The vote was also a shock for the U.S. Administration, which included access for United States ground focus through Turkey in its war plans. Turkey subsequently allowed the use of its air space and provided important help, as Congressman Wexler said, through other means as Erdogan and Foreign Minister Gul, who visited in Washington in July have repeatedly stressed. However, while the visit of Secretary of State Colin Powell to Ankara back in April soon after the war along with the inclusion of a one billion grant for Turkey in the supplementary request underlined continuing United States interest in Turkey, I would argue that the bilateral relationship is far from fully back on track.
Several months after the vote, the Turkish government is once again moving cautiously toward another major decision with significant implications for United States-Turkish relations. However, sending Turkish troops to support the United States in stabilizing post-war Iraq is not backed by the majority of Turkish voters, the parliamentary opposition or the President again, and the JDP's handling of this issue will have inevitable domestic as well as external reverberations.
Page 42 PREV PAGE TOP OF DOC I will get back to United States-Turkish relations later, but let us look briefly at the domestic picture.
Parallel to the major global developments during the past 2 years, there have been very important domestic changes in Turkey. The general elections of November 2002, which can rightly be characterized as a political earthquake, crushed the three political parties, which had gone into the polls in coalition government, along with the main opposition party. None of these parties which had dominated Turkish politics for decades, were able to gain parliamentary representation.
The JDP, which had been established only in August 2001, swept into office as Turkey's first single party government in over a decade on the back of a massive backlash against the chronic mismanagement of the economy, cronyism and corruption by gaining nearly two-thirds of the seats in the assembly.
Many of the leaders of the JDP were members of the National Salvation Party and the Welfare Party which served in previous coalition governments but were subsequently banned for Islamist activities. In fact, prior to its dissolution, the Welfare Party was ousted from government in 1997 following pressure from the Turkish military. Committed to the preservation of Turkish secularism, Turkey's armed forces have carried out four interventions as part of their broadly defined mission to defend the republic.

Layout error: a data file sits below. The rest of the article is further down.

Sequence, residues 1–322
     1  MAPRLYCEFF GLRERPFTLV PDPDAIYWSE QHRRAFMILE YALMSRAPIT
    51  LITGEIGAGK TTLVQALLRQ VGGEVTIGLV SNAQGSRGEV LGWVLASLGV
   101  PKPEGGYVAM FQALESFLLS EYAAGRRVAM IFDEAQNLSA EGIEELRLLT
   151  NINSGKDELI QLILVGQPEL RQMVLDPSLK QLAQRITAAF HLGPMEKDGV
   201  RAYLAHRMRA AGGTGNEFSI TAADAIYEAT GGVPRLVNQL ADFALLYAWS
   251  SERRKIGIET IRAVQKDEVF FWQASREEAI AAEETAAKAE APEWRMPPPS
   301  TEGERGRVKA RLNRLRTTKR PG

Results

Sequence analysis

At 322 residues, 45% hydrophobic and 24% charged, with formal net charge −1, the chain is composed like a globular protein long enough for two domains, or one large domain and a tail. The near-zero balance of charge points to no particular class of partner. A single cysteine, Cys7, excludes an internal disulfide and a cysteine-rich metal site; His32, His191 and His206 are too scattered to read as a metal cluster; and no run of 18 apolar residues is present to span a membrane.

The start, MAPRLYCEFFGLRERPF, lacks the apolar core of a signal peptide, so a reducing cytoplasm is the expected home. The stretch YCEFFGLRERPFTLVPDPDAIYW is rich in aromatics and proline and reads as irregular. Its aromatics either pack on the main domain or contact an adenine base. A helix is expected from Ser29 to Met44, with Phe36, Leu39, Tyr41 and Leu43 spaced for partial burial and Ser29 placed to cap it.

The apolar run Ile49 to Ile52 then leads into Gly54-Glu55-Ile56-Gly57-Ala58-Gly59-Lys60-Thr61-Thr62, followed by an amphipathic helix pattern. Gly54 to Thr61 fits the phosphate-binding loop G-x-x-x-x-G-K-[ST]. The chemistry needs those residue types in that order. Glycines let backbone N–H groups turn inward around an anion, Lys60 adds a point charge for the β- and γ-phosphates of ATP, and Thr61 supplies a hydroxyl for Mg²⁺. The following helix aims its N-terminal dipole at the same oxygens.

Understandably, the JDP government has been stressing its break from the Islamist movement and specifically rejects the Islamic label. Its leaders instead define the JDP as a conservative democratic party and as the heir to the Democratic Party which governed Turkey between 1950 and the coup of 1960, as well as Turgut Ozal's Motherland Party, which came into office in the first elections after the 1980 coup.
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At the same time, the JDP has been carefully avoiding the inflammatory statements and actions which previously characterized the Turkish Islamists in government. For example, although the wives of most of the JDP leaders wear Islamic headscarves, the JDP has not made any moves on this very controversial issue.
As we move toward the first anniversary of its election victory, it remains to be seen whether the JDP has transformed the Turkish political landscape in a lasting manner. This, I believe, will depend on a great deal on the success of the subjective redefinition by Erdogan and his colleagues which is directed at the majority of the Turkish voters who did not vote for them and who still have lingering suspicions about their ultimate aims.
Recent opinion polls suggest that the JDP has been able to broaden its appeal, but this may be more a reflection of the disarray in opposition ranks than the success of the JDP itself. Currently, none of the other political parties is in a position to challenge the JDP, as the local elections are likely to confirm next year.
Mr. Chairman, the most important component of the JDP strategy in government is the pursuit of the linked goals of Turkish accession to the European Union (EU) and political reforms in accordance with the EU's Copenhagen criteria.
In marked contrast to the Welfare Party-led government under Necmettin Erbakan, who gave the impression that his main goal in foreign affairs was to strengthen links with the Islamic world, the JDP government has been stressing EU membership as its primary objective. Most of Erdogan's visits have been to European capitals.